Minutes before the final whistle, I was outside in the scanner van, watching the game on monitors and checking all those potential last-minute frighteners that lurk around before every programme – when, suddenly, the really big one hit us: the police superintendant in charge of operations decided it was too risky; he could not guarantee the safety of all concerned if the crowd erupted on to the pitch and, reluctantly, he was not going to let our programme go ahead. We were shell-shocked. Maybe someone had slipped up and he hadn't been briefed properly. Maybe we had stood on his dignified toes. Maybe, for that matter, he felt the fans had become so excited that it was now a danger he hadn't envisaged earlier. One way or another, we were in trouble.

We tried to locate the Chief Constable of Manchester. But it was impossible, given the time available and the conditions we were working under.

Once again, it was that lovable lion-heart Joe Mercer who came to the rescue. He told the superintendent he would take full responsibility – and we got the go-ahead.

I made it down to the touchline just in time and started heading for Matt. The crowd did erupt, but, thankfully, Matt was cheered to the echo – by United and City fans. When it comes to someone like Matt, rivalries didn't count.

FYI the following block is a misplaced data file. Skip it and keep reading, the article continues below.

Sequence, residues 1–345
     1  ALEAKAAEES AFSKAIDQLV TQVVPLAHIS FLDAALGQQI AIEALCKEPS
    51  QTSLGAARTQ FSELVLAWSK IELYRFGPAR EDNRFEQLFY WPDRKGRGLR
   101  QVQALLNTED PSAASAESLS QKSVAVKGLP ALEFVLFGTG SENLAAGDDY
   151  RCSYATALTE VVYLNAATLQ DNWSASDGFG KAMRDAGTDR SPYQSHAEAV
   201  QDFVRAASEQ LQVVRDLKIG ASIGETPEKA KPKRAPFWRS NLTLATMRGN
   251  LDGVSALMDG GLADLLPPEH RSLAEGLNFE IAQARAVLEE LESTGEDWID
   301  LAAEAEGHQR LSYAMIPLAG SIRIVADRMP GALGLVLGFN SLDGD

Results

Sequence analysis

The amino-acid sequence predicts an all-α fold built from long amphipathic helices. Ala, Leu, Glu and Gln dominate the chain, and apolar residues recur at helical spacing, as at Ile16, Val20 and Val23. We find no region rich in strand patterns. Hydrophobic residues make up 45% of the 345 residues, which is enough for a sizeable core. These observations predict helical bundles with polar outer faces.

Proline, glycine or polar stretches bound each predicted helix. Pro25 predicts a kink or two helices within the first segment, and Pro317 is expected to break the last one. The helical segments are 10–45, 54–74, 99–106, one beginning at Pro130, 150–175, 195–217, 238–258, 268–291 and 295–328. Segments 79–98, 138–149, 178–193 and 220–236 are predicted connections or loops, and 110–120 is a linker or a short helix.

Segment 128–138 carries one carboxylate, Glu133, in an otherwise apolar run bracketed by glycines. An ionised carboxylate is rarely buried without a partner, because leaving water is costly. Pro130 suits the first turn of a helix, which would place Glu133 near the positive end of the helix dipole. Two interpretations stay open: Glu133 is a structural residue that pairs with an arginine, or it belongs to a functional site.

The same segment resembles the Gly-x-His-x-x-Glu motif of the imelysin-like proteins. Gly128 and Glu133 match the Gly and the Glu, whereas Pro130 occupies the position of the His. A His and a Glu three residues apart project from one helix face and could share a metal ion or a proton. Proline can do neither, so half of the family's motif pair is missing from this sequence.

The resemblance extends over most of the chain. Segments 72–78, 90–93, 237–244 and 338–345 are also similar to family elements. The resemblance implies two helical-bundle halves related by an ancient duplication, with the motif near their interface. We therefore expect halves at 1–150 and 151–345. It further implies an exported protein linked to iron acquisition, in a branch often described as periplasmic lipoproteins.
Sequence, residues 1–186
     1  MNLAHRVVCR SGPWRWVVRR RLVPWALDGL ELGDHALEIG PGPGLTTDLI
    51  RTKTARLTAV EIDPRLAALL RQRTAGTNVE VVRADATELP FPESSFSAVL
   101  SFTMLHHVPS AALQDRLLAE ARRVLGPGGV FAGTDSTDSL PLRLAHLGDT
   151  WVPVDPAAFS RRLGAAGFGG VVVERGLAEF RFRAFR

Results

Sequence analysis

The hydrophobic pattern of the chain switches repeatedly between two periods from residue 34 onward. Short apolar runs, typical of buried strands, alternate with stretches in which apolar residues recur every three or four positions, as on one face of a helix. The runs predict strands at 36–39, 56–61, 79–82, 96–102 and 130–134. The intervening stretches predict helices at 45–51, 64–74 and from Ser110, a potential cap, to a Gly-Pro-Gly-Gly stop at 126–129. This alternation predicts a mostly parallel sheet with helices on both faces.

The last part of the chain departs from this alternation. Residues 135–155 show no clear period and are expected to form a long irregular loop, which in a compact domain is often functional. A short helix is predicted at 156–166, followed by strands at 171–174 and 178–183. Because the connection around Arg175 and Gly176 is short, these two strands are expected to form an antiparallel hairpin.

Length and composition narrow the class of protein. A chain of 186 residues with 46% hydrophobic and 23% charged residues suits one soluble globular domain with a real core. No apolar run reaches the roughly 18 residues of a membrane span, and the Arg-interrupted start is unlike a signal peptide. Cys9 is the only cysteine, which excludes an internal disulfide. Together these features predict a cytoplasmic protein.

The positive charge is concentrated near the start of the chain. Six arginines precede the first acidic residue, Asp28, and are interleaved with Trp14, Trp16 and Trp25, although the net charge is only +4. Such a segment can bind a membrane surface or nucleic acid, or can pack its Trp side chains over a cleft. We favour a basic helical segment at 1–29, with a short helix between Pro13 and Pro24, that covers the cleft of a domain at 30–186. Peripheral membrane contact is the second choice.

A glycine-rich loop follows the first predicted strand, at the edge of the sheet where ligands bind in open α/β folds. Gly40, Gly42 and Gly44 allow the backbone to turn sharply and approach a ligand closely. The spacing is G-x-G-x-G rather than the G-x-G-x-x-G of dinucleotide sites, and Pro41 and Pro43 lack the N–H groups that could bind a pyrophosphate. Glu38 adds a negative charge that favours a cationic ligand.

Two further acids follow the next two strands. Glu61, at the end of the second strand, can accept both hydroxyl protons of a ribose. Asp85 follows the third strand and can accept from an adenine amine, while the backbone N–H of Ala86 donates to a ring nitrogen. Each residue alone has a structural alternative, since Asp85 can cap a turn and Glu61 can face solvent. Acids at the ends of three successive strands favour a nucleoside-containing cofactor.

Gus Smith biography of Eamonn Andrews

Gus Smith recalls this edition of This Is Your Life in his book, Eamonn Andrews His Life...

In the case of the most famous football manager in Britain, Sir Matt Busby, his appearance on This Is Your Life coincided with his impending retirement as Manchester United boss.

Eamonn had first surprised him in 1958. Four weeks later the manager would have a miraculous escape from death in the Munich crash that saw star members of the United team perish.

It was decided on this occasion to surprise Sir Matt at a match between Manchester United and Manchester City at the latter's ground. To avoid being spotted Eamonn sat head downwards in the back of the car on his way to the ground. It was an emotional moment for everyone - Eamonn, Sir Matt and the 50,000 fans, - when Eamonn, standing in the middle of the pitch, presented the red book to a smiling Sir Matt. As he recalled, 'Out there on the pitch the atmosphere was electric. I'll never forget the look on Matt's face when I opened the second box and told him, "For the first time, for the second time This Is Your Life!"'

Series 11 subjects

Bob Hope | Vidal Sassoon | Talbot Rothwell | Mike and Bernie Winters | Joe Brown | Patrick Campbell | Bobby Moore
Robert Soutter | Graham Hill | Sandy Powell | Edward Woodward | Moira Lister | Dickie Henderson | Wilfred Pickles
Kenny Ball | Marjorie Proops | Basil D'Oliveira | Clive Dunn | Peter Noone | Monica Dickens | Jon Pertwee
Lionel Jeffries | Adam Faith | Googie Withers | Matt Busby